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Despite progress over the past two decades Mexico’s health and education indicators remain well below the average of the OECD and some of its Latin American emerging market peers.
This working paper discusses what policy makers should do in order to restore balance in the Icelandic economy and lay out the foundations for a sustainable recovery.
Compulsory school education in Italy produces poor results in terms of 15-year-olds’ performance on PISA tests, compared with other OECD countries, despite a relatively high level of expenditure, as discussed in this working paper.
Japan needs a credible fiscal consolidation plan, including spending cuts and tax increases, to maintain confidence in its fiscal sustainability as gross public debt nears 200% of GDP in 2010.
Inflation performance has been unsatisfactory. By joining the euro area, Iceland would share the benefits of the ECB’s credibility. Substantial fiscal consolidation is required following the financial crisis.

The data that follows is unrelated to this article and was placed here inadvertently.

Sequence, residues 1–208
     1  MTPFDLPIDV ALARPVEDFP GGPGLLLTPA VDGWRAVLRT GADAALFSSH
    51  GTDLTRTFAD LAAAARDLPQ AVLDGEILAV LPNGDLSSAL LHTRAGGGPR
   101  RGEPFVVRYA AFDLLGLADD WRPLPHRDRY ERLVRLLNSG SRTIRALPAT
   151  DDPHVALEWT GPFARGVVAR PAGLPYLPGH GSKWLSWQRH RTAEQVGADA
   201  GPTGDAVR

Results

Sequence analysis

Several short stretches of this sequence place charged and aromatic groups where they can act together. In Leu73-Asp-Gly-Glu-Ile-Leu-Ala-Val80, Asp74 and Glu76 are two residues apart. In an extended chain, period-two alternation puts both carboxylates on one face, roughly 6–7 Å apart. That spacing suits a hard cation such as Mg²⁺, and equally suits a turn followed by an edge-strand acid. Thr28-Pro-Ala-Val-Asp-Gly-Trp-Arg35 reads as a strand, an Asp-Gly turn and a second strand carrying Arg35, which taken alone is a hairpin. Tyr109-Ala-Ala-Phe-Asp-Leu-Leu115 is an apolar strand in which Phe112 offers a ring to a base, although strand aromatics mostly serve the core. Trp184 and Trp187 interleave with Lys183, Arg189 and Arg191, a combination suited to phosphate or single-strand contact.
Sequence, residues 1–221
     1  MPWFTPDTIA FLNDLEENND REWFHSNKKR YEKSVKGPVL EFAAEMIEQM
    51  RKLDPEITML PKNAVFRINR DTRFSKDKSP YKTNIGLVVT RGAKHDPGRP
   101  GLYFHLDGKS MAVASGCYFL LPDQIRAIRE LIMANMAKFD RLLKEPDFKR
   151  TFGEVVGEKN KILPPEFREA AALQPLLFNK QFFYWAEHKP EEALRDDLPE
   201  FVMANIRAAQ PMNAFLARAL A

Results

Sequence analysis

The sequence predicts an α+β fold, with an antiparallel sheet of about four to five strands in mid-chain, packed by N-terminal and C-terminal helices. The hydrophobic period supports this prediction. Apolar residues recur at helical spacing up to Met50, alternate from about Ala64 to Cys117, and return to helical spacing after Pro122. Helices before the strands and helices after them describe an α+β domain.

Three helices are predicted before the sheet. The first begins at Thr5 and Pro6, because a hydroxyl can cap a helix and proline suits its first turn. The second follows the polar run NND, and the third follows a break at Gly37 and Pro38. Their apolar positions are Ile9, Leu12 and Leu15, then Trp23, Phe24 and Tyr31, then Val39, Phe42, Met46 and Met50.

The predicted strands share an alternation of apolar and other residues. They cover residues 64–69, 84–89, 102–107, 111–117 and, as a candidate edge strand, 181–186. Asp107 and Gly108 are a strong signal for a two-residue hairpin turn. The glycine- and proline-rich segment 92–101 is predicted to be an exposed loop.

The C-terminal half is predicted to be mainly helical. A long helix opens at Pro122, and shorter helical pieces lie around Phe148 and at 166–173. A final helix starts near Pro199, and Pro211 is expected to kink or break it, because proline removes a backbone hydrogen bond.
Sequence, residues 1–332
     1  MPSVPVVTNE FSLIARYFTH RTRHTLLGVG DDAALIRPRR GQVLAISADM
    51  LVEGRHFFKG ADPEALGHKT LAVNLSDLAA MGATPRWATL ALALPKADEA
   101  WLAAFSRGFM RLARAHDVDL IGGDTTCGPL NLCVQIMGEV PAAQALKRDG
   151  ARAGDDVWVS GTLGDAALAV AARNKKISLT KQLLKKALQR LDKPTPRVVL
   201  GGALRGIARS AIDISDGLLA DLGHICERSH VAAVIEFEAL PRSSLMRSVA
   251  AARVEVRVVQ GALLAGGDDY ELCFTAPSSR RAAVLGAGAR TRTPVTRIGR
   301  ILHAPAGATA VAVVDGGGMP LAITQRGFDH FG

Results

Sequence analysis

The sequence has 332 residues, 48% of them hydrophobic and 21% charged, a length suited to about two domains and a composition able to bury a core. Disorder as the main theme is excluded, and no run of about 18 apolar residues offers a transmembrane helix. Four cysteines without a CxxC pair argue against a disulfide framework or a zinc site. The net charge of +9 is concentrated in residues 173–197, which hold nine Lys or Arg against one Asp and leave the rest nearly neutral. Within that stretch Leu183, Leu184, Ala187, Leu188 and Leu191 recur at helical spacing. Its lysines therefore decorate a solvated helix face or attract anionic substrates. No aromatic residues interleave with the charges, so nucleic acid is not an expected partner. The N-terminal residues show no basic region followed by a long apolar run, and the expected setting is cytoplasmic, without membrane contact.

This working paper suggests that restoring competitiveness will require strengthening France's growth potential and to address the main long term determinants of that potential, such as fostering R&D, promoting innovation, reducing the tax burden, boosting competition and so on.
High public debt leaves virtually no room for fiscal manoeuvre to limit the impact of the crisis in Greece. The close trade and banking links established with the Balkan countries might be a risk in the near future.
The high public debt and a large pension burden heighten the urgency to improve the efficiency of the public sector to enhance fiscal viability and restore room for manoeuvre for stabilization policy.
Despite improved fundamentals, Mexico is hit hard by the financial crisis, being exposed to several simultaneous external shocks. A welcome, but weak, stimulus was passed for 2009, and policy will likely need to be supportive also in 2010.
Fiscal policy is highly dependent on volatile oil income. The balanced budget rule can create a bias for spending oil revenues as they are earned, especially as transfers to the stabilization funds are limited by caps at low levels. This can potentially lead to a pro-cyclical bias in fiscal policy. Revenues have also been lower than they could have, if gasoline prices had adjusted with international prices instead of a price smoothing